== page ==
Design Firm Growth: Does it Really Matter to Creatives?
In a recent article, Thomas Lockwood, an executive recruiter in the design industry, asks Why are design firms stagnating? I spent decades managing design firms, and then brokering sales of design firms. I’m curious about the data Mr. Lockwood consulted. He may be right in his observation, but I don’t think it really matters.
Large corporations are opportunistic. If they see that buying a design firm will help, they’ll do it. If something changes, they may sell it. If the creatives like working for the corporation, or can’t find a better opportunity, they stay. If not, they leave. We creatives are turtles after all, we have our houses on our back. Our skills go with us. This is fine.
The design industry isn’t really an industry, never has been. Design firms are groups of creative people who have developed specialized skills that fit with the needs of their clients. Creatives flock together with others they like and respect to make a living. Even the owners are more interested in the work and the experience of working with a like-minded group than they typically are in building a business. They do it because they love it. The financially successful ones are often surprised at their own success. Those just focused on the money usually are not doing the best work.
Freelancers Union reported on a recent U.S. Government Accountability Office study showing 40% of the U.S. workforce is freelance — the highest ever. Most of those freelancers consider themselves to be creatives, and there are lots of designers in that group. Fact is that you don’t need a big design group to survive and prosper anymore. Before the Mac, industrial design firms employed hundreds of draftsmen and draftswomen. Post Mac, those big firms shed staff in the hundreds. Typesetters also went the way of wagon wheel makers as graphic design firms, ad agencies and everyone else moved to doing their own type.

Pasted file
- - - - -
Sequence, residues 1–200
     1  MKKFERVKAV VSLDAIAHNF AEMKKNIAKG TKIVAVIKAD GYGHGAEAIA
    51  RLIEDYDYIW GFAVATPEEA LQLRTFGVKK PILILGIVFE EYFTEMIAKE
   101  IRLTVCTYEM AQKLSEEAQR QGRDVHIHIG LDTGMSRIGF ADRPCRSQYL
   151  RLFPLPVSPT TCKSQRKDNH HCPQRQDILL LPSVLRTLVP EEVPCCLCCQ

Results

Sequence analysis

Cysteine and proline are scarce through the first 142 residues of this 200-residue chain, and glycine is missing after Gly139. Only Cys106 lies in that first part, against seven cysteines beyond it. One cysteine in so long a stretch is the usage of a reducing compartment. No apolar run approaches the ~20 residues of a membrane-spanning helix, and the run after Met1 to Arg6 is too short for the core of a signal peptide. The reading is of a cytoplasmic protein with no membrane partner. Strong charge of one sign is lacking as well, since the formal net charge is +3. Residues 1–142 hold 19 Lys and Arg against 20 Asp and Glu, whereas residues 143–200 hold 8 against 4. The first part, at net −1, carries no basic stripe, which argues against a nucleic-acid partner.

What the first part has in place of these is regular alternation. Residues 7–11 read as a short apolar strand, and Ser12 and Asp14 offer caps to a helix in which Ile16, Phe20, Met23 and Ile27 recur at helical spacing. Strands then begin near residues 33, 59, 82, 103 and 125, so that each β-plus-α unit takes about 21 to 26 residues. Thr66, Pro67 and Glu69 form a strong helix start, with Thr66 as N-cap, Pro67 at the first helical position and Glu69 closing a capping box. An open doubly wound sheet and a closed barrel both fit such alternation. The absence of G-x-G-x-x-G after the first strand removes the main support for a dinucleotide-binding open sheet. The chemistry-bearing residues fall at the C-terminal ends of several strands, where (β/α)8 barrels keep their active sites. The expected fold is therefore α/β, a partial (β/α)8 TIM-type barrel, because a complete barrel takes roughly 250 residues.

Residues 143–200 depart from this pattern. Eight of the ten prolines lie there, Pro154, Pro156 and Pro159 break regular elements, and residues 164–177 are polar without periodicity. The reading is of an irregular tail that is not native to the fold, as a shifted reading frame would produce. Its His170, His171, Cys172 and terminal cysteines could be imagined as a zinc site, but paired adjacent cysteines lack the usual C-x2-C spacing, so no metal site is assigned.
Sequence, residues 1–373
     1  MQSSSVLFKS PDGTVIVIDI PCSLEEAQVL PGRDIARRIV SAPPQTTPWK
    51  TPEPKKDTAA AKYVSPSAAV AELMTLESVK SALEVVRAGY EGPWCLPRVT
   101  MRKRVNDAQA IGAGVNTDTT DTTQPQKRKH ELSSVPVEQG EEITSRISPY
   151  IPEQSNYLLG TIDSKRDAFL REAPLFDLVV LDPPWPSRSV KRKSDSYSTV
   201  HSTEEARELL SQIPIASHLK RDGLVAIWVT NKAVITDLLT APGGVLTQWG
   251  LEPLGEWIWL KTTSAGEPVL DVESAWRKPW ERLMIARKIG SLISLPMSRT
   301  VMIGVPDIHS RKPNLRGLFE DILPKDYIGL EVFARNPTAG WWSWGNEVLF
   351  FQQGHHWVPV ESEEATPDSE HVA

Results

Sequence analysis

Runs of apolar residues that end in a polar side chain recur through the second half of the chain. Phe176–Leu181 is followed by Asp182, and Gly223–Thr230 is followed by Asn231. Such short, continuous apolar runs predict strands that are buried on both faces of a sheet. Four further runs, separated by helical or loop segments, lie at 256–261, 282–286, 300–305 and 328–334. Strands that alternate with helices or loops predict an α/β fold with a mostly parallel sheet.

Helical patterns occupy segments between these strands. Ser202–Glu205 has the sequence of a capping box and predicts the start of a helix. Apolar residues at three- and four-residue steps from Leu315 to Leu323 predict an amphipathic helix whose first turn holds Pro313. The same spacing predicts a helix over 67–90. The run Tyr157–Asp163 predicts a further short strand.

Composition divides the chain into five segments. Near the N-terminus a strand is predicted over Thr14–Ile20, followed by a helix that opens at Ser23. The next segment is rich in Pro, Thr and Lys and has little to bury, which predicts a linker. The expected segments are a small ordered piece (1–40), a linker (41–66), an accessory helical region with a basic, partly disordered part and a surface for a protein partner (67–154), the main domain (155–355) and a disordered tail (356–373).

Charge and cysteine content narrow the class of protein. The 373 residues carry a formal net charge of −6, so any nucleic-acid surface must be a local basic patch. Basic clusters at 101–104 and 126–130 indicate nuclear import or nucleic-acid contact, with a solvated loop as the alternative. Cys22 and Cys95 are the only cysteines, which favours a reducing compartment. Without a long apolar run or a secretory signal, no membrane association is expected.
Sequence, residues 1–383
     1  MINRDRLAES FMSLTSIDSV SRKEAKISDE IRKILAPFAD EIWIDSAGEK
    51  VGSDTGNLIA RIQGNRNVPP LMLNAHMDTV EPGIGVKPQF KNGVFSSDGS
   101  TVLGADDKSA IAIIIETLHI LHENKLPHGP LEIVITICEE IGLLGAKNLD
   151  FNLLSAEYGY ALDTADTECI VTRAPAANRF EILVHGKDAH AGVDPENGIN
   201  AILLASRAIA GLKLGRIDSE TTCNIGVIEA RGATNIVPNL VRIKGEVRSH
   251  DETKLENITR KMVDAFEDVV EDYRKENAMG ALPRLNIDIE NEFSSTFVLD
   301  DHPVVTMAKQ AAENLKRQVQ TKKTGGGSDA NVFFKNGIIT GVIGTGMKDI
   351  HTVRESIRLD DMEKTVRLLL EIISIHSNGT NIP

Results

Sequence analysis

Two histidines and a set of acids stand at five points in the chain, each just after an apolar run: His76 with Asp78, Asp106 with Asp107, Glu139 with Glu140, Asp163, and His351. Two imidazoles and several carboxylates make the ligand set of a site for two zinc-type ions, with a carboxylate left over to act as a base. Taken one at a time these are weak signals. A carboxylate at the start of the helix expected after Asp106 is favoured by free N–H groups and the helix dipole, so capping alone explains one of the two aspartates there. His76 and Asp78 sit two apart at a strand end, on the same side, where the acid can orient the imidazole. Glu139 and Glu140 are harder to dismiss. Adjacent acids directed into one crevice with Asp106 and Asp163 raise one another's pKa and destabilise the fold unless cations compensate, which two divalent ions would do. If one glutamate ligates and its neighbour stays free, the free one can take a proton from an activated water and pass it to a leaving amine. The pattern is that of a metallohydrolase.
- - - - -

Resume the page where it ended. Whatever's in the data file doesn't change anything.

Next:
Growth of design firms has always followed trends. In the 90s it was brand, and brand packaging. In the 2000s it was innovation. Big architecture firms grew to meet the needs of China and Southeast Asia. Now it’s UI/UX. Large corporations are managed by smart, competitive people who know that good design is a requirement. They build large design departments to create and replicate the products they need. And they hire thousands of design firms and independent contractors at the same time.
In this post-industrial age, what’s hot is the design of the online experience and the design of interfaces of all kinds. Tomorrow we’ll see designers dealing with the reality of artificial intelligence and how to create the controls of spacefaring machines and ships. I’ll bet those creatives will come together in unexpected ways.
But in the meantime, if 40% of the workforce is freelance, I’d say that’s good evidence that creative people are finding their own ways to do interesting things and sustain themselves just like they always have. Big creative firms will shrink or grow with the economy but the talent will be fine. We are creatives, after all!